Technical standards for the interpretation and reporting of constitutional copy-number variants: a joint consensus recommendation of the American College of Medical Genetics and Genomics (ACMG) and the Clinical Genome Resource (ClinGen).
      Interpretive considerations for nonrecurrent duplications can be broadly grouped into three categories: (1) evaluation of fully encompassed genes for potential triplosensitive phenotypes; (2) evaluation of genes mapping to duplication breakpoint(s), for potential haploinsufficient phenotypes; and (3) consideration of more rare pathogenic mechanisms such as gene disruption at other loci due to insertional translations
      • Kang S.H.
      • Shaw C.
      • Ou Z.
      • et al.
      Insertional translocation detected using FISH confirmation of array-comparative genomic hybridization (aCGH) results.
      ,
      • Neill N.J.
      • Ballif B.C.
      • Lamb A.N.
      • et al.
      Recurrence, submicroscopic complexity, and potential clinical relevance of copy gains detected by array CGH that are shown to be unbalanced insertions by FISH.
      or positional effects on gene regulation.
      • Zepeda-Mendoza C.J.
      • Ibn-Salem J.
      • Kammin T.
      • et al.
      Computational prediction of position effects of apparently balanced human chromosomal rearrangements.
      Considering the first category, triplosensitivity is an uncommon cause of abnormal phenotypes.

      Clinical Genome Resource (ClinGen). https://www.ncbi.nlm.nih.gov/projects/dbvar/clingen/index.shtml. Accessed March 2020.

      Therefore, it is not surprising that even moderately sized (500 kb–1 Mb) duplications are frequently observed in the general population without observed clinical consequence.
      • MacDonald J.R.
      • Ziman R.
      • Yuen R.K.
      • et al.
      The Database of Genomic Variants: a curated collection of structural variation in the human genome.
      Considering the second category is less straightforward. Intragenic duplications with both breakpoints within the same gene are generally expected to disrupt coding sequence and result in loss-of-function variants. However, as the majority of interstitial duplications have a direct tandem orientation, partial gene duplications with only a single breakpoint in the gene of interest most often occur without associated gene disruption.
      • Newman S.
      • Hermetz K.E.
      • Weckselblatt B.
      • et al.
      Next-generation sequencing of duplication CNVs reveals that most are tandem and some create fusion genes at breakpoints.
      Therefore, small duplications (<500kb) involving only a single breakpoint in dosage-sensitive genes are almost always inherited and inferred to have an intact copy of the gene(s) at the breakpoint; data supporting this observation are presented below. Considerations involving the third category are more complex, and often outside the available scope of a routine clinical study. However, technological and knowledgebase advancements continue to evolve, allowing for increasing diagnostic clarity in such complex cases.
      After more than 15 years of experience interpreting, reporting, characterizing, and performing parental/familial follow-up testing for duplication CNVs, our laboratory has appreciated limited clinical impact for duplications less than 1–2Mb in size initially assessed to have uncertain clinical significance. We designed a retrospective analysis of our experience to provide evidence for this assumption and to support a clinically appropriate refinement of our laboratory reporting criteria.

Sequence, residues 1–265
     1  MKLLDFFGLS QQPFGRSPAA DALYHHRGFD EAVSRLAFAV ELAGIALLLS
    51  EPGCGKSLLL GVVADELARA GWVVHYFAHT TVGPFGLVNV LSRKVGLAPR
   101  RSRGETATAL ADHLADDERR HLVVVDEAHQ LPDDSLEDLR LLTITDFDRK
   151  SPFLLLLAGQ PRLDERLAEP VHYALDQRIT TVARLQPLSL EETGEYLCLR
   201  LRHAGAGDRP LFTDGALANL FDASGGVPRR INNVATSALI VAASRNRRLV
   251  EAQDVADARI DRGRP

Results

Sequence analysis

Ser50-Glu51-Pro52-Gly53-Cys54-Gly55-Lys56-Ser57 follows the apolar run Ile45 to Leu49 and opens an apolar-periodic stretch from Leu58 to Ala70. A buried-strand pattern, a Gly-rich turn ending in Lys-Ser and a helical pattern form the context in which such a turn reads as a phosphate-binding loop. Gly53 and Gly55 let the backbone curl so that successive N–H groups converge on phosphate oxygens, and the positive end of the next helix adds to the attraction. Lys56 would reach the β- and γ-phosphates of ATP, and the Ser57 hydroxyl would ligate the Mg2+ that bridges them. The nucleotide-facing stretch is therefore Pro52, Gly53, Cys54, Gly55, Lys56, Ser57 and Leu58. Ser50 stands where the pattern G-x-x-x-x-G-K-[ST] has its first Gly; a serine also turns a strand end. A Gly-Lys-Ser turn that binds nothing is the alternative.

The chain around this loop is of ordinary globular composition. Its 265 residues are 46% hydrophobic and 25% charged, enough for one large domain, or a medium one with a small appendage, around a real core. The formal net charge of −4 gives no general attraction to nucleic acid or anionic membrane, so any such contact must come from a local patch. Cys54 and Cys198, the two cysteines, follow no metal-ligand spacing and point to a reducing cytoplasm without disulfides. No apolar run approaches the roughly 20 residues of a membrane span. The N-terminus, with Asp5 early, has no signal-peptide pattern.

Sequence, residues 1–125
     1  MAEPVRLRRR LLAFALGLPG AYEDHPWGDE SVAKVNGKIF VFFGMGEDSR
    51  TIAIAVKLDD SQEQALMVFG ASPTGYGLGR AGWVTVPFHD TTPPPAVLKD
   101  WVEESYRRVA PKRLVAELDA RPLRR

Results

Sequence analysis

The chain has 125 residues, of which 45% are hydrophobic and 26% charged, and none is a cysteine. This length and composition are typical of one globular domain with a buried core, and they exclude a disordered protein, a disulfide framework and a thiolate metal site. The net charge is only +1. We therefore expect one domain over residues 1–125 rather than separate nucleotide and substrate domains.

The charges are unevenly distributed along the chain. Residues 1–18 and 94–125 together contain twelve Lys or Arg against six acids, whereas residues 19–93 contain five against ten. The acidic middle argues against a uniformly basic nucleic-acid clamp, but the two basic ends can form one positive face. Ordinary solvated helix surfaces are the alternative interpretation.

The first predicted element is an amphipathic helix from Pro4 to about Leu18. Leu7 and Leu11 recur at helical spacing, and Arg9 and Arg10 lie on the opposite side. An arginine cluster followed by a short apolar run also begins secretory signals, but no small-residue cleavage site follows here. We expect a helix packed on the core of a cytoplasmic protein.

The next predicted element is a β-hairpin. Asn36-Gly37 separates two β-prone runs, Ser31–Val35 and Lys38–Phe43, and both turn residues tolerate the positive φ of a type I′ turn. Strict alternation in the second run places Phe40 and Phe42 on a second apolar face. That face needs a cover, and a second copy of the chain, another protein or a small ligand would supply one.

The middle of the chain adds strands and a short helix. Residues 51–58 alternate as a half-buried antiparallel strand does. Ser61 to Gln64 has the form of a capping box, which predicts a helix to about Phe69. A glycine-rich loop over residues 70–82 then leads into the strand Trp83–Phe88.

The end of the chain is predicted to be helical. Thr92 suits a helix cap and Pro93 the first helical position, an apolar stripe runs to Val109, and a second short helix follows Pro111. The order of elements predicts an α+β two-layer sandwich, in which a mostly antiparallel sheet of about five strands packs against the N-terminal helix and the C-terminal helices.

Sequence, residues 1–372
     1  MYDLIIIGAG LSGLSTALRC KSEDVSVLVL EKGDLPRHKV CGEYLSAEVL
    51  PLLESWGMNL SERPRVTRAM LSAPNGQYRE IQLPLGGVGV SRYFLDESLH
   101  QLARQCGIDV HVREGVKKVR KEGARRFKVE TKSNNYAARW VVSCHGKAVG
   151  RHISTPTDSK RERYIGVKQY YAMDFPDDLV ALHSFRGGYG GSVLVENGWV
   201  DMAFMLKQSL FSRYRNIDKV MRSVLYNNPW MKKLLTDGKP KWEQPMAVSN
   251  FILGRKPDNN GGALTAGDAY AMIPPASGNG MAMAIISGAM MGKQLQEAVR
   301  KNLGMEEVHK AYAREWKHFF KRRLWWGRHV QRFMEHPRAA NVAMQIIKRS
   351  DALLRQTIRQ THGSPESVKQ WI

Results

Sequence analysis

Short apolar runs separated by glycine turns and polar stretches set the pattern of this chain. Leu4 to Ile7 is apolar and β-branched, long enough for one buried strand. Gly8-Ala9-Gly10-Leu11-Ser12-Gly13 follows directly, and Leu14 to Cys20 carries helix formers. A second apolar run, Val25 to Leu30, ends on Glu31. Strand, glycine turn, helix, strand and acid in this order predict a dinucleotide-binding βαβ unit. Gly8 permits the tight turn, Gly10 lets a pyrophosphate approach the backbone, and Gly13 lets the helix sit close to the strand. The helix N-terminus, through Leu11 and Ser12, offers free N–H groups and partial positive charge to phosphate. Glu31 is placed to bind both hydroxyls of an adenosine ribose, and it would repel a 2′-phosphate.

Materials And Methods

      A retrospective analysis of all clinical postnatal chromosomal microarray cases reported from 2006 to 2016 was performed to identify all cases with reported duplication CNVs (n=4059). During this time period, using standard interpretive approaches,
      • Kearney H.M.
      • Thorland E.C.
      • Brown K.K.
      • et al.
      American College of Medical Genetics standards and guidelines for interpretation and reporting of postnatal constitutional copy number variants.
      ,
      • Riggs E.R.
      • Church D.M.
      • Hanson K.
      • et al.
      Towards an evidence-based process for the clinical interpretation of copy number variation.
      all pathogenic or likely pathogenic duplications were reported, regardless of size. Duplications with breakpoints in genes with known or strongly suspected haploinsufficiency phenotypes were also reported, regardless of size. Other duplications of uncertain clinical significance were only reported when exceeding 500kb in size. Duplications of any size without protein-encoding genes or known functional elements were not reported, nor were events representing common benign polymorphism, therefore this series does not include such duplications. Of the 4059 cases with reported duplications, 1624 cases were analyzed using the CytoScan HD microarray (Thermo Fisher Scientific, Waltham, MA) and 2435 cases were analyzed using a custom 44K or 180K Agilent microarray (Agilent, Santa Clara, CA). Pathogenic and likely pathogenic intragenic duplications in known haploinsufficient genes with both breakpoints within the gene (high likelihood of pathogenic loss-of-function variants) were excluded from further analysis. Duplications mapping to the sex chromosomes were excluded from further analysis given the frequency of maternal inheritance and the complexity in deciphering pathogenicity and clinical significance. We further restricted our focus to those cases with available parental inheritance information, either both parents tested, or a single parent tested with documented inheritance. These cases were binned by size (<500kb, 500 kb–1 Mb, 1 Mb–2 Mb, >2Mb) to roughly determine the proportion of de novo (and thus more likely pathogenic) duplications in each size range. Statistical analysis was performed using Fisher's exact test; two-sided P value <0.05 was considered statistically significant.